What does the Bible say about pets?

Pets have never been more popular these days. Almost every family has at least one dog or cat. Along with hamsters, rabbits, goldfish and two dozen others, there’s never been such variety available in the pets we choose. Hence this raises the question of what the bible has to say about pets. Do they go to heaven? How should we treat them?

The bible does not really address how we should deal with pets. The only possible example of a pet owner is the poor man in Nathen’s parable a man who “had nothing except one little ewe lamb he had bought. He raised it, and it grew up with him and his children. It shared his food, drank from his cup and even slept in his arms. It was like a daughter to him” (2 Samuel 12:3). We can though draw some conclusions based on what the bible says on other topics.


God made all the world and all the things in it. As such they all deserve respect. This includes animals as well which should be loved as much as any parts of God’s creation. “The Lord is good to all, and his mercy is over all that he has made. All your works shall give thanks to you, O Lord, and all your saints shall bless you!” (Psalm 145:9-10)


Likewise, all animals deserve our protection. God made us to be the lords over the other animals. As God is our lord and protector so must we be a protector of the animals he has given to us. Those who mistreat animals are abusing that trust and invite god’s malice. “Whoever is righteous has regard for the life of his beast, but the mercy of the wicked is cruel” (Proverbs 12:10)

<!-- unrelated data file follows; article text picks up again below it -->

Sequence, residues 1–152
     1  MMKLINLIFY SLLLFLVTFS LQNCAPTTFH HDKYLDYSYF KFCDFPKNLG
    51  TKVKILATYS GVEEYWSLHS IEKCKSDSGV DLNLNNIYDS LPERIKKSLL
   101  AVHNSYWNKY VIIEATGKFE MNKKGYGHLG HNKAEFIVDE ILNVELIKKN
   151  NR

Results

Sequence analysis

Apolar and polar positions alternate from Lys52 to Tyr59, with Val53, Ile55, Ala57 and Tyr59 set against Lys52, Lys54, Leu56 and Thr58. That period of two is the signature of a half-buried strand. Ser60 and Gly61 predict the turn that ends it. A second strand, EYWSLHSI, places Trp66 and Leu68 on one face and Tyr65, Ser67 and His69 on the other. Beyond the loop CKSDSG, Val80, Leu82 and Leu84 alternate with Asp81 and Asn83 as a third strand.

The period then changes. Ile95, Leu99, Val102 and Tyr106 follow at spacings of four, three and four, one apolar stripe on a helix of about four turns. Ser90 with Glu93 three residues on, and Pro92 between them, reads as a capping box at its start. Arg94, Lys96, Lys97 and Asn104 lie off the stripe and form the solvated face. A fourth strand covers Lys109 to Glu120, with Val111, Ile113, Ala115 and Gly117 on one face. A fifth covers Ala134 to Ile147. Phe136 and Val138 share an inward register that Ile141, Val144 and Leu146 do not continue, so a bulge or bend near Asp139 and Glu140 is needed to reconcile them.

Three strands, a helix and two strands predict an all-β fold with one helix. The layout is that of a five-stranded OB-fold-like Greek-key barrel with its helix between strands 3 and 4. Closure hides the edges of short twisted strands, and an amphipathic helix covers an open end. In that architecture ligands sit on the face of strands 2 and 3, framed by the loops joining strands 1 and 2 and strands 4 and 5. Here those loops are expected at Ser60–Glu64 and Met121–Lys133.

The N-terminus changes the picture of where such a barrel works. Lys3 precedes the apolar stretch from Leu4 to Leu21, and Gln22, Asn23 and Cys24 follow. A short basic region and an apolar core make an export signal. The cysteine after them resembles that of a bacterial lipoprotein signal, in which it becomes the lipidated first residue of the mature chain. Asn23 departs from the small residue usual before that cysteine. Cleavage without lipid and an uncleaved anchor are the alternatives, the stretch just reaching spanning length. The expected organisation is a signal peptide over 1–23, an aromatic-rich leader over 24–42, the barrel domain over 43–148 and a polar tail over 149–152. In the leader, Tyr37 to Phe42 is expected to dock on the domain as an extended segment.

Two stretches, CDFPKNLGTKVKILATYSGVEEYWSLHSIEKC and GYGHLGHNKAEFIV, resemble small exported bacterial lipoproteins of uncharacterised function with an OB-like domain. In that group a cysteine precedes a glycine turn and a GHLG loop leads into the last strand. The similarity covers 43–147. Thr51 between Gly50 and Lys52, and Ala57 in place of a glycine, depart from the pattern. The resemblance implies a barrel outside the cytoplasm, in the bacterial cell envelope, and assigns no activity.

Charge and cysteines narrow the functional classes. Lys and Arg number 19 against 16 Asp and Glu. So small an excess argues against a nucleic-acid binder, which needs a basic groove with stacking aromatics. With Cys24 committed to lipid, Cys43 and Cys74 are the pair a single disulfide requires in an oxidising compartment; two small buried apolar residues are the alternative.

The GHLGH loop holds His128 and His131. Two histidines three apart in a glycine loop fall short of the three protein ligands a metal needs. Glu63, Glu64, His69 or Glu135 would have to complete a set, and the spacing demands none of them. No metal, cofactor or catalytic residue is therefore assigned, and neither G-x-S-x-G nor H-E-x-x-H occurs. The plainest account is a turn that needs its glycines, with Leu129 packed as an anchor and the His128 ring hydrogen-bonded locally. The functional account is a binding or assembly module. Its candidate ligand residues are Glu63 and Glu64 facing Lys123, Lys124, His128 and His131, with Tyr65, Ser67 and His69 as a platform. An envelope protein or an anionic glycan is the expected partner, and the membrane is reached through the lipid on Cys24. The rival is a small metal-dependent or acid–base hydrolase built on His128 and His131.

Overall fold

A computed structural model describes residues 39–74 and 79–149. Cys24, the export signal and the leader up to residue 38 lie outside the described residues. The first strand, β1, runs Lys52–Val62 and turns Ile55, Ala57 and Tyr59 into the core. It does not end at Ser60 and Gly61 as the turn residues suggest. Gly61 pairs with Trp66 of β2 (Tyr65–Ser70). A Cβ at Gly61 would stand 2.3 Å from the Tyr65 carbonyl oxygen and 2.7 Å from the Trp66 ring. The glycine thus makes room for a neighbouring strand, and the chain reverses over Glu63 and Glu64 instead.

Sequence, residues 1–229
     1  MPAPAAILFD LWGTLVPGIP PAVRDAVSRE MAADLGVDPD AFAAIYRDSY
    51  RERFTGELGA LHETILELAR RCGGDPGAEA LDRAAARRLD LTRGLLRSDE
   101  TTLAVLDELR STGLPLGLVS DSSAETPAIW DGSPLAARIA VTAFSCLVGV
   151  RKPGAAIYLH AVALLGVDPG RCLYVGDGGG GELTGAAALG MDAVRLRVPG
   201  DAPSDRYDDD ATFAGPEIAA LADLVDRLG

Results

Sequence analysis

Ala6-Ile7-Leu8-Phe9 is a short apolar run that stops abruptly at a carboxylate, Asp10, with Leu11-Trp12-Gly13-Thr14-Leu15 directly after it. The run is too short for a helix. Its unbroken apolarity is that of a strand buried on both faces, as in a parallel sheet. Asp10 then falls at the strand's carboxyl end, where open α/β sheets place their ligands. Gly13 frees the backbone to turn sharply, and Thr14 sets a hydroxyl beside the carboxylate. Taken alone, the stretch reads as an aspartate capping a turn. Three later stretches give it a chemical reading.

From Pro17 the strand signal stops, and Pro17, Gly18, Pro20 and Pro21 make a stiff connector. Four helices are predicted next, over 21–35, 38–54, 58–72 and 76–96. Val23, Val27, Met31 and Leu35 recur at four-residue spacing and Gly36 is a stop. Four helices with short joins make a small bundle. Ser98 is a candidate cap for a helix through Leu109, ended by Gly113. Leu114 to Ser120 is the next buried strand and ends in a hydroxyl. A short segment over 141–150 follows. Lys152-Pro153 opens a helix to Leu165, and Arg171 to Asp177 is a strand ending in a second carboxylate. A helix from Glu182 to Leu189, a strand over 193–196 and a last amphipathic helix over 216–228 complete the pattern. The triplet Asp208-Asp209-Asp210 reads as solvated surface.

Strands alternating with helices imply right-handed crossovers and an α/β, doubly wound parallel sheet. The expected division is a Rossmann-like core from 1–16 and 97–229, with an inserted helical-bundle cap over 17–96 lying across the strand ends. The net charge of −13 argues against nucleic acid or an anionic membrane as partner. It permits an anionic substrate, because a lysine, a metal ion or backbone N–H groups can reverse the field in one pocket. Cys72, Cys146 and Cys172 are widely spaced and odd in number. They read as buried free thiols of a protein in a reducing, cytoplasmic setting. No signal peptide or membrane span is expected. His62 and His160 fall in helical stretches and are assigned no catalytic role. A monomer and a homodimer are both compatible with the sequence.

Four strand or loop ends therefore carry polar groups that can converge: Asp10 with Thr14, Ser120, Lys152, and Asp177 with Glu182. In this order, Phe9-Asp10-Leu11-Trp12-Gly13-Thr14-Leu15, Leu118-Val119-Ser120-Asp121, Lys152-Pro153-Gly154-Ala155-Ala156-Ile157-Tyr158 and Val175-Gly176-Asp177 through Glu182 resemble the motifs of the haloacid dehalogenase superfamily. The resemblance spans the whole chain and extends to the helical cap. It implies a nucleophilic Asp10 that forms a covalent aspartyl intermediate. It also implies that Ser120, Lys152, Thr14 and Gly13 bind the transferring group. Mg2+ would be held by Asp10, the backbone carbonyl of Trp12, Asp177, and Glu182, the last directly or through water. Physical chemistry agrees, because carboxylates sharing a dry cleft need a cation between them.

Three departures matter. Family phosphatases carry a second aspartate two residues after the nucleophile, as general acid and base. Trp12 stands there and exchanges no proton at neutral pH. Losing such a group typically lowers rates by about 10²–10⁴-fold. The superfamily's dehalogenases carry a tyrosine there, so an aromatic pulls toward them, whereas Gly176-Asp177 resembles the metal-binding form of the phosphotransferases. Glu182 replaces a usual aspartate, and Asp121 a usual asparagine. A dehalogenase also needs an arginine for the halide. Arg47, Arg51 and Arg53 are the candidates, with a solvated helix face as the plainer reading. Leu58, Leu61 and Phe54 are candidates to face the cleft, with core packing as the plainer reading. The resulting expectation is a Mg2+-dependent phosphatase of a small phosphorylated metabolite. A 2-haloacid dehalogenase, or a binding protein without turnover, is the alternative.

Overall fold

God’s care for animals explains our desire to keep pets. As God created mankind in his image (Genesis 1:27) we have inherited the part of God’s nature that cares for animals. Whenever we look after our pets we are reflecting a part of God’s nature, to a certain extent. Our pets rely on us to meet their needs, much as we rely on God to provide for our needs. By keeping a pet, we are taking on responsibility and modelling our behaviour on the creator.

Parents should introduce a pet into their home to teach responsibility to their children. It can serve as a lesson on how God takes care of us and, as such, how we must take care of the pets we take in. This reflects on our personal integrity and devotion to living a righteous life. “A righteous man cares for the needs of his animal” (Proverbs 12:10)


Make this your goal and incorporate it into your life as much as any of god’s other teachings. It is the meek that shall inherit the earth so show that attitude when caring for those in our protection.